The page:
Warm weather really brings out people’s desire to clean and fix. Especially during the spring and summer months. According to a 2019 Trulia survey, 90% of the homeowners said they planned on doing some sort of revamping to their homes in the coming months. Even more interestingly, 17% of those planning to remodel also have plans to sell their homes within the next 2 years. This makes sense because updated or renovated homes are often more valued in the real estate market and tend to sell quicker than outdated homes. The bottom line is that buyers like to see that a home has been taken care of and is “move-in ready”.  

Homeowners considering renovating their homes to eventually sell should evaluate the ROI (return on investment) in doing so. Is your home a major rehab case? Or will a few touch-ups and upgrades do the trick? Many factors could determine what you can afford, which projects would get you the best bang for your buck, and whether you’re just better off lowering the price of your home versus making huge changes to it before selling. These are things you should ask yourself before you grab your hammer and get to work. 

It should be noted that a major home remodel might have a lower return on investment. As a comparison, a big kitchen upgrade costs an estimated $25,000 and according to NAR’s Remodeling Impact Report, only recovers about 57%. While smaller projects like refinishing hardwood floors cost about $3,000 and many homeowners can recover 100% of that project’s cost. Of course, these estimates vary. 

Homeowners that want to give their homes a facelift for a reasonable cost and still add value to the property when it comes time to sell may want to invest in a few smaller projects. For example, adding granite countertops, a fresh coat of paint, new bathroom tile, or new landscaping can go a long way. These small upgrades are a great alternative if you don’t necessarily have the time or money to spend on high-end renovations. Any upgrade, big or small, will make your home more attractive to potential buyers.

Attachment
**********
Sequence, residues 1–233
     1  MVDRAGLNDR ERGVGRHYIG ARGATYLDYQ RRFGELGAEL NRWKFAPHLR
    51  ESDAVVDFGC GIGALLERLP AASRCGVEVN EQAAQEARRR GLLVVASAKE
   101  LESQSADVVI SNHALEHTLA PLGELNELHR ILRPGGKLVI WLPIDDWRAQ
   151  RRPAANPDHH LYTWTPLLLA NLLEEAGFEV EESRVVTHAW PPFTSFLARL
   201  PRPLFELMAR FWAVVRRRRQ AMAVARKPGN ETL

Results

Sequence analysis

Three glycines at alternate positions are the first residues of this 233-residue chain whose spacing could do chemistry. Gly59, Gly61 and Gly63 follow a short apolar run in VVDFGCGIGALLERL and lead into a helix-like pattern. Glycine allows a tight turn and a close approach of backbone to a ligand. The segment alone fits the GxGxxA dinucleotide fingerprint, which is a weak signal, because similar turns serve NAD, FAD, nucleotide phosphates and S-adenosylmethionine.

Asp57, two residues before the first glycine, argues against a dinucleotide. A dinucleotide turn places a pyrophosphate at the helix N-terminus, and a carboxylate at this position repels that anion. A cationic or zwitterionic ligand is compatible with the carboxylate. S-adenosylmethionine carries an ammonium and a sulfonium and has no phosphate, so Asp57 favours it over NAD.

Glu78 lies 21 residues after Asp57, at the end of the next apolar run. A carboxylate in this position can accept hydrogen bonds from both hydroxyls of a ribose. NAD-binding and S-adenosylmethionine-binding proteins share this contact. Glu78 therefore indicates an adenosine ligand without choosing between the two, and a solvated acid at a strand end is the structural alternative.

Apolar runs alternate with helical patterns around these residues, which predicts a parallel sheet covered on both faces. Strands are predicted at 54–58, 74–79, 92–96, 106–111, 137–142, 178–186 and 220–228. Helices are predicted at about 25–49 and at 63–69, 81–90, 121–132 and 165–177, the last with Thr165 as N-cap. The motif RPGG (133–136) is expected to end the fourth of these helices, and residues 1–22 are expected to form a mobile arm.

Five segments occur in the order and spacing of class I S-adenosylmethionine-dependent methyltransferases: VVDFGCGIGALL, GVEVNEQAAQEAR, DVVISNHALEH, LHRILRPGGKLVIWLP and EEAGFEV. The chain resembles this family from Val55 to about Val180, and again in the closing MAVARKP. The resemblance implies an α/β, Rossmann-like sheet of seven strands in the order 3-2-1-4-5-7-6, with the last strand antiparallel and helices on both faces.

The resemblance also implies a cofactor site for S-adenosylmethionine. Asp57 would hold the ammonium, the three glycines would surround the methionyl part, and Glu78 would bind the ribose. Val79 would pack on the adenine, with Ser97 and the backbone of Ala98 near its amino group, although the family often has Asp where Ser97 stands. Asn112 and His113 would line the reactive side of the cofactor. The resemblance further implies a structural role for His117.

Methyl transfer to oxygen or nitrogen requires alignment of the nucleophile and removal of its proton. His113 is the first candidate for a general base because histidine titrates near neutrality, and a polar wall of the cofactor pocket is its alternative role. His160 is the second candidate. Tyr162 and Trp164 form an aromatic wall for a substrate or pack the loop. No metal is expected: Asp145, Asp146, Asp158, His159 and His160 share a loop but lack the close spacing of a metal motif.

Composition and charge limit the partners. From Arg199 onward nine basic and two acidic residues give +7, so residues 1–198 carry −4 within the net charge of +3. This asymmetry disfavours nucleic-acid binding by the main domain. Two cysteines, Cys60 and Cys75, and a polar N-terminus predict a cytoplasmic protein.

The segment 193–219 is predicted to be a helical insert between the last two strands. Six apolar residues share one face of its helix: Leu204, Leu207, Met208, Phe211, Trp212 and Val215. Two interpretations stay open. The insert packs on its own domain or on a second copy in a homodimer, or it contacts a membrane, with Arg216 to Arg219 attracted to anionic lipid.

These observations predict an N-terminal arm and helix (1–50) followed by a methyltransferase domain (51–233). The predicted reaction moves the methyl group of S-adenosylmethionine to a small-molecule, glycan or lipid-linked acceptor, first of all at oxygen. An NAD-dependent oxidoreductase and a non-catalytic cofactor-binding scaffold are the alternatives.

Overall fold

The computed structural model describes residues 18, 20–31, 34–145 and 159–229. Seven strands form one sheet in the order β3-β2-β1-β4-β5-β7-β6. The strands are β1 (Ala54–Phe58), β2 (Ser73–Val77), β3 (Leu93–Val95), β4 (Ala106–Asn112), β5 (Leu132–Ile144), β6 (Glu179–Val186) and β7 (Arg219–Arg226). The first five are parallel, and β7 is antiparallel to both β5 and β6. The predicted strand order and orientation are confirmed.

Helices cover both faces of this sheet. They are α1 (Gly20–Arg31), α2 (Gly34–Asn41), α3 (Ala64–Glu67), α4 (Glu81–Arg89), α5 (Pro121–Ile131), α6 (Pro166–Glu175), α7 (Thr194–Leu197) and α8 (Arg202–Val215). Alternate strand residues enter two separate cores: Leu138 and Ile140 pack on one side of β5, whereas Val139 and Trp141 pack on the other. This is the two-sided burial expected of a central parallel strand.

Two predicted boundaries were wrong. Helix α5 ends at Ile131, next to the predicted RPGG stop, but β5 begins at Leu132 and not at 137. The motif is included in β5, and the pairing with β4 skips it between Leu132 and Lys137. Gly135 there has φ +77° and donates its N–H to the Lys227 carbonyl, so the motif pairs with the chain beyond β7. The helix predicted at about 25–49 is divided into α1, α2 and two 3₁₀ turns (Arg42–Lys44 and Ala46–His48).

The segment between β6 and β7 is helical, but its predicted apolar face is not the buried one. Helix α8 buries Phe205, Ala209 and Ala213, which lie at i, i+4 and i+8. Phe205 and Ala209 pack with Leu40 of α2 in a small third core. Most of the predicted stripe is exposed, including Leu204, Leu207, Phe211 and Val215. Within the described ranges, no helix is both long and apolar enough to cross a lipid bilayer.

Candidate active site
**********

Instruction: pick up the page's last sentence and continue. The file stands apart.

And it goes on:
Another spring-cleaning tip for homeowners is to not overlook necessary repairs or the power of a deep clean. Walkthrough your home, inside and out, and make note of areas of improvement. Small repairs and a little bleach can be beneficial in the long run. 

Lastly, a note from the insurance professional: make sure your insurance covers your new changes. When it’s time to renew your home insurance, make sure your policy is adjusted to reflect the improvements because it is likely the value of your home has since increased. Also, don’t overlook unattached structures outside, either. This includes swimming pools, hot tubs, and gazebos. All of these could affect the value of your home and, therefore, impact your homeowners insurance renewal. 

If you neglect to report these renovations, you run the serious risk of not being fully protected. After all, disaster seems to strike when you least expect it to. 

So, if you plan on remodeling your home this spring or summer, keep these tips in mind.